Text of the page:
01/05/2011. Contributed by Tomas L. Martin
Star Wars: The Clone Wars: No Prisoners by Karen Traviss. pub: Del Rey/Ballantine Books. 257 page enlarged paperback. Price: $16.00 (US), $19.00 (CAN). ISBN: 978-0-345-50899-7.
check out website: www.delreybooks.com
The trouble with reading ‘Star Wars’ tie-in novels set before the original trilogy began with ‘A New Hope’ rather than after the end of ‘Return Of The Jedi’ is that I can’t pretend the prequel films don’t exist. I’ve had some very enjoyable reading experiences with the extended adventures of Luke Skywalker and company, but whenever I attempt to get into the exploits of his father Anakin, the taste is soured somewhat by the terrible plotting of those prequels.
For the majority of Karen Traviss’ ‘Clone Wars’ novel ‘No Prisoners’, I was left with the uncomfortable juggling in my head between the good writing of the novel and the inexplicably bad setup that the films had provided. Now, Traviss is one of the best tie-in writers, with #1 New York Times bestseller status to her name, so if anyone has a chance to fix the problems of Mr. Lucas, it’s her.
‘No Prisoners’ is set mid-way through the Clone Wars, so after much of the animated series and between Episodes II and III. it still baffles me why the war, which was built up so much by the original movies, has so little screen time in the prequels, but that’s a topic for another day. In this novel, we’re mainly dealing with another of the poor design choices of the prequels, George Lucas’ inexplicable decree that Jedi cannot have relationships or attachments.
This law by the Jedi Council, which contradicts much of the events of the original films and their tie-ins, was the central line of conflict in the prequel films, despite very weak justification and little pushback or discussion by otherwise wise Jedi Masters. It’s the entire reason Anakin Skywalker turns to the dark side and the fuel for his downfall into one of the most iconic bad guys in movie history and it is a really lousy idea.
Traviss decides to put the idea right up front in ‘No Prisoners’. As a thematic correlation, the main plot-line of the novel surrounds Gil Pallaeon’s illicit relationship with an intelligence officer, Hallena Davis. Palleaon, the naval officer who became such a powerful figure of the Imperial Remnant in the tie-in novels set after ‘Return Of The Jedi’, is a nice choice to bring continuity to the franchise and give fans a glimpse of the younger days of one of the most interesting characters not introduced in the films. It’s a topic that has been the source of a lot of internet discussion recently, as ‘X-Wing’ author Michael A. Stackpole sparked a discussion on a number of blogs about whether Bantam/Lucasbooks should link minor characters from spin-off series into the main storyline more to generate more interest in the earlier books of the canon. It’s nice to see that happen here and Pallaeon is easily the most interesting character here.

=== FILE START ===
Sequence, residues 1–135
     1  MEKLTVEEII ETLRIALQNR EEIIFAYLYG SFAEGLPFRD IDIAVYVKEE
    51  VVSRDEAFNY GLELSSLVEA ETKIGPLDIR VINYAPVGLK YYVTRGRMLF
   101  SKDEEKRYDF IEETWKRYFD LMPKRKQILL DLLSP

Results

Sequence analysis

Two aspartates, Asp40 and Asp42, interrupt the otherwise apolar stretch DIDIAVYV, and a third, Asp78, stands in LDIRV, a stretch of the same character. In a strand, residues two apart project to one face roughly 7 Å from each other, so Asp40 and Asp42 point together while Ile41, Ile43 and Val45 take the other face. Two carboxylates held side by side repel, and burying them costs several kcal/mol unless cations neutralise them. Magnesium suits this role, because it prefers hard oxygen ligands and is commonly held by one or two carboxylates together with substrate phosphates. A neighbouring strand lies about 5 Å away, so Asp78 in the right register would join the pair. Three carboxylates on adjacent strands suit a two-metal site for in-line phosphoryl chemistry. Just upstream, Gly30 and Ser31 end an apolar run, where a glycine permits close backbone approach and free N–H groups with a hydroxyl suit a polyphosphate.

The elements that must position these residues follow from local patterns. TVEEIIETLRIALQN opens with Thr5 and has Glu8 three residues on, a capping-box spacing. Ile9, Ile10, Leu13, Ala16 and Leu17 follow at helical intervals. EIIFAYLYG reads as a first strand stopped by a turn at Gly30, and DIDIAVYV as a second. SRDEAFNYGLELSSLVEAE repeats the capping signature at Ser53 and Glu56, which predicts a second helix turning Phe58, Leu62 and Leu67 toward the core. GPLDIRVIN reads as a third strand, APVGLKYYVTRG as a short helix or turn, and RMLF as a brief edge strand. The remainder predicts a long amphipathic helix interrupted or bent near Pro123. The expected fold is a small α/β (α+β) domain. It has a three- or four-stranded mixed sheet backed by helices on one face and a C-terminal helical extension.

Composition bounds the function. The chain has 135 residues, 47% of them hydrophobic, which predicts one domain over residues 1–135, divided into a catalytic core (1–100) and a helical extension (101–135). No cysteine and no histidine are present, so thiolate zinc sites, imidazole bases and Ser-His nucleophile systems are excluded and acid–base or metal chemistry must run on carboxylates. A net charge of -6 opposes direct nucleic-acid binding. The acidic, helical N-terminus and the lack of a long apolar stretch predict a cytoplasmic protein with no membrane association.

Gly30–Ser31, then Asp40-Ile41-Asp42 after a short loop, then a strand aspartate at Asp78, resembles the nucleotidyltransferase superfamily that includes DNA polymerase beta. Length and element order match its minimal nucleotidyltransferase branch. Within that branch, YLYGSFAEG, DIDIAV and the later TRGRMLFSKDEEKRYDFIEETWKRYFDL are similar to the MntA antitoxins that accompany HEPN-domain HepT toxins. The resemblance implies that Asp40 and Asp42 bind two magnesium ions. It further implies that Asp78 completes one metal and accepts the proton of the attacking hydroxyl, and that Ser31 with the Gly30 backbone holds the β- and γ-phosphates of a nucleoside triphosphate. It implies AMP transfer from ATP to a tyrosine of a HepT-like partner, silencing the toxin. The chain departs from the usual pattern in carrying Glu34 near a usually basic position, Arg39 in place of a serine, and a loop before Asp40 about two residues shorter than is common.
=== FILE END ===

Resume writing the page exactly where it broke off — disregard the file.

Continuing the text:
Pallaeon has just assumed the captaincy of a new proto-Imperial Star Destroyer, the Leveler. With Anakin Skywalker on a secret holiday with his lover, Padme Amidala, Pallaeon agrees to take Anakin’s padawan, Ashoka, and the clone Captain Rex on the mission. When the planet that Pallaeon’s lover Hallena is on gets taken by the resistance, the characters (plus a rapidly returning to action Anakin) attempt a daring rescue.
This is a fairly good book with some nice action sequences, but I felt a lot of the way through Traviss was really having to work extra hard to dig herself out of the hole Lucas had put her into. Anakin’s grapple with love and duty never really works in any of the ‘Star Wars’ canon and although Traviss introduces a neat group of Jedi who do love and have relationships without being evil, rather than help clarify the issue it merely makes the original idea seem even more inexplicable.
The moral questions posed to Anakin at the end do help alleviate that somewhat and there are some nice moments of characterisation, particularly with Pallaeon and Captain Rex, but overall I feel this is a book struggling so hard to get out from under the baggage forced on it that, through no fault of its own, it struggles to convince.
Tomas L. Martin
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